By Amber Wang and Ron Lopez
Taiwan’s lucrative fishing industry has come under fire for subjecting its migrant workforce to forced labour and other abuses, contrasting with the government’s promotion of the democratic island as a regional human rights beacon.
Taiwan operates the second largest longline fishing fleet in the world with boats spending months — and sometimes years — crossing remote oceans to supply the seafood that ends up on our supermarket shelves.
But those who work on its vessels — mostly poor migrants from the Philippines, Indonesia and Vietnam — paint a grim picture of punishing work hours, docked pay, months without family contact, regular beatings, and even death at sea.
Last year the United States added fish caught by Taiwan’s deep water fleets to its list of goods produced by forced labour for the first time.
It was an embarrassing moment for Taiwan, an island that shook off autocracy and markets itself as one of the region’s most progressive democracies.
Recent steps include becoming the first place in Asia to legalise gay marriage, a historic apology by President Tsai Ing-wen to the island’s indigenous communities and an ongoing campaign to address abuses of the martial law era.
But there has been little headway in tackling labour abuses, especially within the $3 billion fishing sector.
Migrant fishermen interviewed by AFP said they routinely had to work up to 21 hours a day, enduring verbal and physical abuse as well as zero communication with the outside world.
When pay finally arrived, it was often lower than agencies promised.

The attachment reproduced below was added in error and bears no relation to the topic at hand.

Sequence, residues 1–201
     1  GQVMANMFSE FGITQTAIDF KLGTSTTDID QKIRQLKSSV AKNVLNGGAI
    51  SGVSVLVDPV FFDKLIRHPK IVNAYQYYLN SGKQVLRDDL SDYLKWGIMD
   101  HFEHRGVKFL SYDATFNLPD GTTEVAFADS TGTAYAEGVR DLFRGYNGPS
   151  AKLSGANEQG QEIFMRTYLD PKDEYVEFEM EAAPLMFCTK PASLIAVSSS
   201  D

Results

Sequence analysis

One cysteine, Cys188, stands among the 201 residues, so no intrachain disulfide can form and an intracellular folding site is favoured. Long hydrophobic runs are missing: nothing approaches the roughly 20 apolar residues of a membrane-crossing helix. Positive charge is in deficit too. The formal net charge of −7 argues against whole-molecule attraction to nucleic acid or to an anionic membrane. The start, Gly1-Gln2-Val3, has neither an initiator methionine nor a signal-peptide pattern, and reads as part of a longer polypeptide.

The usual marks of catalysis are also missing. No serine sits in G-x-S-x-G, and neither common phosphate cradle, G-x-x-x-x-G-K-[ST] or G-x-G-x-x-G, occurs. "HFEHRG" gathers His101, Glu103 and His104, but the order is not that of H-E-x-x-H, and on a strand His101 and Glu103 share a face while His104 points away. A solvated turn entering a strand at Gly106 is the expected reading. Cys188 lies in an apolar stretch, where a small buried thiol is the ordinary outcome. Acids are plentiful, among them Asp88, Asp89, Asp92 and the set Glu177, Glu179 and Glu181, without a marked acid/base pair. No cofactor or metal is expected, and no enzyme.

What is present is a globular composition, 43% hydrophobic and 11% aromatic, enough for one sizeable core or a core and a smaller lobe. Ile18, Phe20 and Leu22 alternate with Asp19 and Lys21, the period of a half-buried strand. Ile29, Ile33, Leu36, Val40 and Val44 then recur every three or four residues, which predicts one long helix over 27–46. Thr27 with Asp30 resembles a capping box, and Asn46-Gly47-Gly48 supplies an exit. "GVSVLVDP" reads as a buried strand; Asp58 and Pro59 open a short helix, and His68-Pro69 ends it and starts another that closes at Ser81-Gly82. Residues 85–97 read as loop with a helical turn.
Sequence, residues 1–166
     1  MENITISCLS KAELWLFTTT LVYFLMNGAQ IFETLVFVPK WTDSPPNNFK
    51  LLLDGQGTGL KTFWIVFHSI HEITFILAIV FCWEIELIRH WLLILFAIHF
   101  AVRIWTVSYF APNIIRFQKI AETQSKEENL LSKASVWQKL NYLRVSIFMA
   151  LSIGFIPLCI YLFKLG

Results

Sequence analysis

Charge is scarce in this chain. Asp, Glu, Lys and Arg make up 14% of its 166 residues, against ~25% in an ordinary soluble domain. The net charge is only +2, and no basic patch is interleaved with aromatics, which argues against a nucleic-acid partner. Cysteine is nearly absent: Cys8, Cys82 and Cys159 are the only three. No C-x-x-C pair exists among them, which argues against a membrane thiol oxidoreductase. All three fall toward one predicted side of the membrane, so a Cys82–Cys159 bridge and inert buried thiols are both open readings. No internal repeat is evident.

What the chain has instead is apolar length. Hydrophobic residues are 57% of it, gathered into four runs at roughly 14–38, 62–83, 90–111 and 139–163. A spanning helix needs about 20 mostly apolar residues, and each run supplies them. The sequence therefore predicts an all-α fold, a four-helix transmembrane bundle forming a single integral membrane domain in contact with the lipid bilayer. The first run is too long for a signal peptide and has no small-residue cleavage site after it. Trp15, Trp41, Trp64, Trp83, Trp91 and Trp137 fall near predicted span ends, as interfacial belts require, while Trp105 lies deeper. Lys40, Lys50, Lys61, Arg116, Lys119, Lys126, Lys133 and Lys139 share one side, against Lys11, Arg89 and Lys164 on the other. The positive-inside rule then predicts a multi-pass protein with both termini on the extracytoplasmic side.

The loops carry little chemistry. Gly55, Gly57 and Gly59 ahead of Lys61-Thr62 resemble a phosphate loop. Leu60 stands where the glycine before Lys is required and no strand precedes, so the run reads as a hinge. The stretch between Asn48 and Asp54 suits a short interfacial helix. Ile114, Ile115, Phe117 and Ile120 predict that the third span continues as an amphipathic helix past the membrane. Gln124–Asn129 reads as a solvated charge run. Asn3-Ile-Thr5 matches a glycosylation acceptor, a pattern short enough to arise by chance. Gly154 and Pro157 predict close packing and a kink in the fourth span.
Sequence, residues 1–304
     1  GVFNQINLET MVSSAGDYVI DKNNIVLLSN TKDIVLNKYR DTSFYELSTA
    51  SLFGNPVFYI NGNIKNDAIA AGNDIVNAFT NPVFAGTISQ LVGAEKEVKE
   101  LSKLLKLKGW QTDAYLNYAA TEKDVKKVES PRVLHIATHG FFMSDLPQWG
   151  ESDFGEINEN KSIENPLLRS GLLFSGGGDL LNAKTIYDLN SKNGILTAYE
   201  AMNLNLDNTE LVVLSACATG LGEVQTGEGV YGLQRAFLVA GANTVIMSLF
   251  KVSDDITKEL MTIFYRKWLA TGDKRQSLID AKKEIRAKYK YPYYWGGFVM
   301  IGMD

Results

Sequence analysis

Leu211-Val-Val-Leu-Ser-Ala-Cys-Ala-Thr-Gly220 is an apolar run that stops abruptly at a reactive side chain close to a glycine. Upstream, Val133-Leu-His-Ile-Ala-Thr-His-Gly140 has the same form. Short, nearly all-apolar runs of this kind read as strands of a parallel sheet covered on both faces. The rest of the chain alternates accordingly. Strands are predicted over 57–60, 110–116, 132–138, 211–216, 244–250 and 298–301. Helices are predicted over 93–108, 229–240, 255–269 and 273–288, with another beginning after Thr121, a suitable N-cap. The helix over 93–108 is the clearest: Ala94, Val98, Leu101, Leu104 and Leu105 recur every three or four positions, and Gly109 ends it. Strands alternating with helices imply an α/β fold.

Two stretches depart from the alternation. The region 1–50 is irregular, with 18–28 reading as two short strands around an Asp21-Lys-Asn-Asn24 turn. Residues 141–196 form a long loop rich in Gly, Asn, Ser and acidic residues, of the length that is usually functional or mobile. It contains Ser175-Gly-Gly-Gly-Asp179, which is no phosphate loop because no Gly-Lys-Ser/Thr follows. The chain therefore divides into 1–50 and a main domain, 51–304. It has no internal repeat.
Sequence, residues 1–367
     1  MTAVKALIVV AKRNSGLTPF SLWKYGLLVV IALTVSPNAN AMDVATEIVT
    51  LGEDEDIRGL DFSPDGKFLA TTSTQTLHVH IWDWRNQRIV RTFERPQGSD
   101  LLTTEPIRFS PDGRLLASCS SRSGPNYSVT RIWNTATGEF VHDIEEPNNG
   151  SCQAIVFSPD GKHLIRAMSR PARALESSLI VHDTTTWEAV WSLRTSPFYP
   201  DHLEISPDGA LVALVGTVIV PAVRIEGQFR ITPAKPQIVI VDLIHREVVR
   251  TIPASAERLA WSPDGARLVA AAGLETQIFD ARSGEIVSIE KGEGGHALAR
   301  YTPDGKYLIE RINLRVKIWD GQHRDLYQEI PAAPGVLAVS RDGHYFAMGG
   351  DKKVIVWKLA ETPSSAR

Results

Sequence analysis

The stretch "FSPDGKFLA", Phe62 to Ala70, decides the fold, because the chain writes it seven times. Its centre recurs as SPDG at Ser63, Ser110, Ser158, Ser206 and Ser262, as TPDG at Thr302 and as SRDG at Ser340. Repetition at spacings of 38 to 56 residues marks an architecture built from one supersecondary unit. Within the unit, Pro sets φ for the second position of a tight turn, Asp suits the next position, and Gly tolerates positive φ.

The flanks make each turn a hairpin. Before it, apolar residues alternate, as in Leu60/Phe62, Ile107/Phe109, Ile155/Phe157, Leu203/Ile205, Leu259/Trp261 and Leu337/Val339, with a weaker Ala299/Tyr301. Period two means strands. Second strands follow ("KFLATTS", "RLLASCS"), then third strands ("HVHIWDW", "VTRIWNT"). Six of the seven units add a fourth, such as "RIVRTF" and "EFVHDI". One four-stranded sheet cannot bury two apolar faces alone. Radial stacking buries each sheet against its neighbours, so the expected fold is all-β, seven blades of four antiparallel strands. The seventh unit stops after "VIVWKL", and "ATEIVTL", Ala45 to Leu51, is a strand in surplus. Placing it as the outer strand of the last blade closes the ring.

Supri, who like many Indonesians uses just one name, said he was still traumatised by a stint on a Taiwanese fishing boat.
The captain, he said, took an instant dislike to him, scolding him frequently, locking him in a freezer and ordering a crew member to shock him with a stun gun used to kill fish.
“All the while I kept thinking I wanted to go home,” he told AFP. “I didn’t want to die. I wanted to see my family again.”
‘Modern day slavery’
In a survey of Indonesian fishermen published last year, the Environmental Justice Foundation found a quarter reported physical abuse on Taiwanese longline vessels, 82 percent worked excessive overtime hours and 92 percent had wages withheld.
Mohamad Romdoni, an EJF campaigner in Indonesia, said working conditions are “still terrifying” on Taiwanese boats — albeit marginally better than those on China’s fleet, the world’s largest.
“If the crew can still chew and swallow their food then they still have to work, even if they are sick,” he told AFP.
Edwin Dela Cruz, president of the non-profit International Seafarers Action Centre in Manila, put it more starkly: “The labour conditions for fishermen on Taiwanese vessels is like modern day slavery.”
Filipino Marcial Gabutero came home from a long stint at sea to find his wife gone and his recruitment agency refusing to hand over four-fifths of his $250 monthly wage.
The 27-year-old said he was often beaten with a broomstick but never dared to speak up.
“We were helpless, so we endured until we finished the contract,” he said.